Insurer’s Right to Contractual Subrogation Trumps Equitable Made-Whole Doctrine Yet Again in Texas

In Fortis Benefits v. Cantu, 234 S.W.3d 642 (Tex.2007), the Texas Supreme Court held that the “made whole” doctrine does not apply where the parties’ agreed contract provides a clear and specific right of subrogation. Despite this ruling, the Austin Court of Appeals was recently confronted with a situation where a trial court attempted to allocate the entirety of an $800,000.00 settlement in a negligence suit to the family of an individual who was injured in an oilfield explosion and spent 52 days in the hospital before eventually succumbing to his extensive injuries. Although the insurer had intervened in the underlying lawsuit and asserted a contract-based lien of over $330,000.00 on any recovery obtained by the family, the Austin Court of Appeals ultimately agreed with the trial court that equitable principles applied to the subrogation claim, and that where “a subrogation claim works an injustice, it shall not be allowed.” Citing the insurer’s solid financial position and the financial hardship that the family would suffer should the insurer’s subrogation rights be enforced, the entire settlement was ultimately allocated to the family under the “made whole” doctrine.

In reversing the Austin Court of Appeals, the Texas Supreme Court held in Texas Health Ins. Risk Pool v. Sigmundik, 315 S.W.3d 12, 14 (Tex.2010) that the “made whole” doctrine was inapplicable, and that it was improper to cut the insurer out of a settlement to which it had a valid claim. Moreover, the Court noted that the trial court could not cut the insurer out of the settlement simply because it was an insurance company, or because the trial court believed the surviving family needed the money more than the insurer.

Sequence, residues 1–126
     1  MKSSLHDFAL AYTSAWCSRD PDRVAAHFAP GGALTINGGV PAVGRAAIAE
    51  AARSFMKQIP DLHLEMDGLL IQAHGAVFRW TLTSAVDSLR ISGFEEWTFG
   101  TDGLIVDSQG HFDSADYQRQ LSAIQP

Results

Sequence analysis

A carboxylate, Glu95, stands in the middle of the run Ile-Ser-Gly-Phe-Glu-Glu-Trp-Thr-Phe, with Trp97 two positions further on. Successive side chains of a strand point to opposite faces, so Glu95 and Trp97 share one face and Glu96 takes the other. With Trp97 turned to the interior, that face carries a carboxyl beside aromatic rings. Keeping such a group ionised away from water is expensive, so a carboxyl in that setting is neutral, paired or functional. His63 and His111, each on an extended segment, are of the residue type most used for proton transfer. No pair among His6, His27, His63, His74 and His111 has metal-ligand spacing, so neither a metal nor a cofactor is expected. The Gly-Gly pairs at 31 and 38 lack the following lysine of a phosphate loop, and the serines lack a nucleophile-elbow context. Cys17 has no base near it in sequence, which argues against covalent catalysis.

The Court further addressed arguments by the family that the insurer failed to carry its burden of establishing that settlement funds should be allocated to its lien. In rejecting this argument, the Court held that such evidence was in fact provided. Specifically, the insurer requested the full amount of the total medical expenses incurred beginning with its first petition in intervention, and also provided extensive medical records and testimony to support both the expenses it requested and the damages suffered by the deceased. The Court ultimately remanded the case to the trial court to determine what portion of the settlement funds should be allocated to the insurer.

The Sigmundik case provides even more persuasive authority for insurers to rely on when asserting contractual based rights of subrogation. Based on Fortis Benefits and Sigmundik, it is clear that the Texas Supreme Court will defer to clear policy language when addressing allocation issues between an insured and its insurer. Accordingly, it is imperative that these provisions be reviewed and analyzed at the outset of a claim so that the insurer is not forced to unfairly compromise its rights of subrogation. In addition, Sigmundik also provides a framework for what an insurer needs to do to adequately protect its contractual subrogation interest (namely, intervene and ensure that its damages are properly pled and supported). Adherence to these suggestions will allow an insurer to negotiate from a position of strength should recovery allocation issues arise.
 

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